One of his big ideas is of educating the whole child, which is sneakily similar to the Jesuit idea cura personalis, which is care for the whole person; so we saw the obvious similarities here, and that's why we invited Ayers to speak. ~ Melissa Roberts, vice president of College Democrats of Boston College, on inviting unrepentant former terrorist-turned-academic Bill Ayers to the Jesuit school

* * *

Image above by Margaret Bourke-White

"Jesuits in America," Life Archive



Beaver Fever

Bemidji State, pride of the Iron Range, heads to the Frozen Four.

How about that?

If Irish Elk weren't a BU loyalist he'd have to root for the Beavers.


Wednesday, March 25, 2009  

"Koko's Earth Control"

~ Max & Dave Fleischer, 1928

UPDATE, 3/29/09

A word about the music from Virtual Victrola:

It's a good bet that the original screening of this cartoon was silent, but in its reissue it has been given some wonderful period music, including "Dancing Shadows," recorded by the Paul Whiteman orchestra on April 22, 1928. Soloists on the record are Bill Rank on trombone and Frank Trumbauer on c-melody saxophone. The "sweet trio" of Jack Fulton, Austin Young, and Charles Gaylord provide the humming under Trumbauer's solo. Although cornetist Bix Beiderbecke was in the orchestra during this recording, he is inaudible.


Tuesday, March 24, 2009  

The Ingenues: "The Band Beautiful"

~ From 1929

All-banjo "Chasing the Blues Away" at 5:05

"Tiger Rag" at 6:21


Sunday, March 22, 2009  

I Am a Stout Conservative

What kind of beer are you?

I am a Guinness.

(Via the Maximum Leader)

* * *

How Progressive are You?

I am not very, according to my score of 155/400, which makes me
off-the-chart Conservative by the lights of the framers of this quiz.

According to their chart the average for Americans is 209.5.

At one end of the spectrum:
Liberal Dems 247.1
Obama voters 244.0

At the other end:
Republicans 168.4
Conservative Republicans 160.6

And then me, the stout-drinking troglodyte. Where do you rank?

(Via New Majority)


Friday, March 20, 2009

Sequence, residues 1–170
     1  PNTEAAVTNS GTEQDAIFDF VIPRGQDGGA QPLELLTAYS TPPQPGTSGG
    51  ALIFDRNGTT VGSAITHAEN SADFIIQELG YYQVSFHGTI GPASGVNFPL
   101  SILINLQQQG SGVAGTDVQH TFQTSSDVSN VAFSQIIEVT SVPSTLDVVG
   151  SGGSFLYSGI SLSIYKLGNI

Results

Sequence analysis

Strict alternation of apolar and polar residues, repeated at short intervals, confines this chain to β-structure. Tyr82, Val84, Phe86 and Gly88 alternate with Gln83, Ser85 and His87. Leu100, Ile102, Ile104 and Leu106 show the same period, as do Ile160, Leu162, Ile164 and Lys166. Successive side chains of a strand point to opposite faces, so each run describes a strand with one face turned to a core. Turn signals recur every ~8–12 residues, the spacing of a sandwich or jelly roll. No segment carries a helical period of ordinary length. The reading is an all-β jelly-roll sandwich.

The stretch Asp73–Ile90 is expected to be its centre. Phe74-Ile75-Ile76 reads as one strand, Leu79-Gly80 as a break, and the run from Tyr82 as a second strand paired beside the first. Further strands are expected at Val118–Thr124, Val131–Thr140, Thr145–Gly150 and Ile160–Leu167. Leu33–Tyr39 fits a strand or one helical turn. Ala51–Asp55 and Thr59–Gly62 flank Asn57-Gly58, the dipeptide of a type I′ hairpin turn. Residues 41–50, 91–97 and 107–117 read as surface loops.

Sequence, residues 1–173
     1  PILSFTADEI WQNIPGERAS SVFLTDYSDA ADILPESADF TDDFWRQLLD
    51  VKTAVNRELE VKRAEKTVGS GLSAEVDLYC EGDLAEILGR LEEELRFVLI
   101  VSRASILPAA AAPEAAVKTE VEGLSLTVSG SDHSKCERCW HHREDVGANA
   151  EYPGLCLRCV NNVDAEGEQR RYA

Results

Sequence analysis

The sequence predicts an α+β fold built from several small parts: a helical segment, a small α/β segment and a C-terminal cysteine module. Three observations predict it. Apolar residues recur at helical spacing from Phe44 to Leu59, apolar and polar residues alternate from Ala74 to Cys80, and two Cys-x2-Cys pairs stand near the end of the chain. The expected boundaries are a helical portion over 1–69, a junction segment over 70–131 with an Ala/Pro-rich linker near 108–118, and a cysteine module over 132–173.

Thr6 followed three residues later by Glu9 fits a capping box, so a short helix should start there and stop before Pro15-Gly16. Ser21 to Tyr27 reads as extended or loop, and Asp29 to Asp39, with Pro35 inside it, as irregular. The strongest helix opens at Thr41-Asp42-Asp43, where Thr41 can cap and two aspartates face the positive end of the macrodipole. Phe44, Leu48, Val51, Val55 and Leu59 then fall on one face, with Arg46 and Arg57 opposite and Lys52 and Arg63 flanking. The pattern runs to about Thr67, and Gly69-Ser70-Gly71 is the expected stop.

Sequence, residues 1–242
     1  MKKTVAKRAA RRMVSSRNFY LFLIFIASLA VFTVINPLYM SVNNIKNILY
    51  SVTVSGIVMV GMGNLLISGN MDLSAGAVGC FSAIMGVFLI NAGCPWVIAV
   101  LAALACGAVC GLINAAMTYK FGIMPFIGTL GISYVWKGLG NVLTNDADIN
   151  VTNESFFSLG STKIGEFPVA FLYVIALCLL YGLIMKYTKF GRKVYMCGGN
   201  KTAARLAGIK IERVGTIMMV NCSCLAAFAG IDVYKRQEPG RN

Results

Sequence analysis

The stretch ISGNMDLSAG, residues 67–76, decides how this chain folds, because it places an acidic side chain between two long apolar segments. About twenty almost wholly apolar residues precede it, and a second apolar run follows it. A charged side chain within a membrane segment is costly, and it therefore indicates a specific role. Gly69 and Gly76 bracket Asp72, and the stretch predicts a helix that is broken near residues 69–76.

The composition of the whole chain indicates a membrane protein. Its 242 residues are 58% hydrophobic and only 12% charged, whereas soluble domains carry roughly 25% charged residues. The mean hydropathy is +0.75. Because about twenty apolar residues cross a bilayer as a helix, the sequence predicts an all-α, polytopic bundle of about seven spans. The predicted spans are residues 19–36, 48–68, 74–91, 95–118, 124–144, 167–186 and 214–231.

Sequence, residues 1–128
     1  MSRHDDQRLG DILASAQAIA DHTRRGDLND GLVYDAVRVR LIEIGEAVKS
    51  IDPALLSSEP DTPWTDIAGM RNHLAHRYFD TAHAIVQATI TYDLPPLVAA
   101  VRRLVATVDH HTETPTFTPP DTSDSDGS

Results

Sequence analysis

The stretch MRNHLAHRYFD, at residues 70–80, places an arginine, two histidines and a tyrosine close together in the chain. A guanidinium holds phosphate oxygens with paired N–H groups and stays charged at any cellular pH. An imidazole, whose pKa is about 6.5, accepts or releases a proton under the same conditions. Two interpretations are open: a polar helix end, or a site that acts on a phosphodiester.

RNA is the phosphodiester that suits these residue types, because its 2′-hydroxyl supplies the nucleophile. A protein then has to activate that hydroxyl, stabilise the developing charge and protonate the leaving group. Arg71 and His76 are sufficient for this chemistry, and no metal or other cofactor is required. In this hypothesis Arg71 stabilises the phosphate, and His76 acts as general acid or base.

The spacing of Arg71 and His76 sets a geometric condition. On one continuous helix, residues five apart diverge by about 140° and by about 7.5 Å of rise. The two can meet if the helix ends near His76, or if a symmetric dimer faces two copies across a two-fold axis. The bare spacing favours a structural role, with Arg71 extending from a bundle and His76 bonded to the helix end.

Detail, Spring (Venus at her Toilet)
Francesco Albani
Oil on canvas, diameter 154 cm
Galleria Borghese, Rome


Thursday, March 19, 2009  

While waiting for Opening Day

A picture to warm the cockles of Steve M's heart:

Stanley Silverman of the Bronx now cheers for Boston Red Sox at Yankee Stadium, September 24, 1950, having decided to switch allegiance from the Yankees two years ago because the Sox, with their losing streak, needed more fan support.

A most discerning youngster. Is he the same Stanley Silverman who went on to be a famous composer?


Wednesday, March 18, 2009  

Thanks to the Annie pre-rinse cycle

We save on water when washing the dishes.

And what with all the extra fertilizer,

the tomatoes should be quite lush this year.

Our dog is very green, indeed.


Tuesday, March 17, 2009  

Happy St Patrick's Day!

Jean Butler & the Chieftains, 1991

~ Pre-Riverdance

Naithí Céilí Band Reels at the All-Ireland

Old Bay Céilí Band Reels at the All-Ireland

Sruleen Céilí Band Jigs at the All-Ireland


Monday, March 16, 2009  

A Dog's Life


Sunday, March 15, 2009  

Taft's Back


The First Lady, 1909

Sea of Faces, 1908

* * *

100 Years Ago in the NY Times:

What Leading Men See in the Coming of Taft:

"An Era of Prosperity” the Prediction of Captains of Industry —

Confidence in Mr. Taft a New Stimulus to Business World

The Tafts Move In; Plans for the Titanic (!)

* * *

Lost Theaters of Somerville:

Odd Fellows Hall decorated for President Taft visit

* * *

Image above via Donald Mark


Saturday, March 14, 2009  

Junior Walker & the All-Stars: "Shotgun"


Tuesday, March 10, 2009  

NPR Music: Bix Beiderbecke



BBC Radio 4:

Simon Schama: "Baseball & Me"

Simon Schama, who has lived in the United States for 30 years, explores his love of baseball.

He first walked into a ballpark in the early 1980s. From the moment he saw the floodlit green of the Fenway Park turf and the theatrical attire of the Boston Red Sox he was smitten. Before then, cricket had been his sport, but all too quickly wickets became bases and bowlers became pitchers.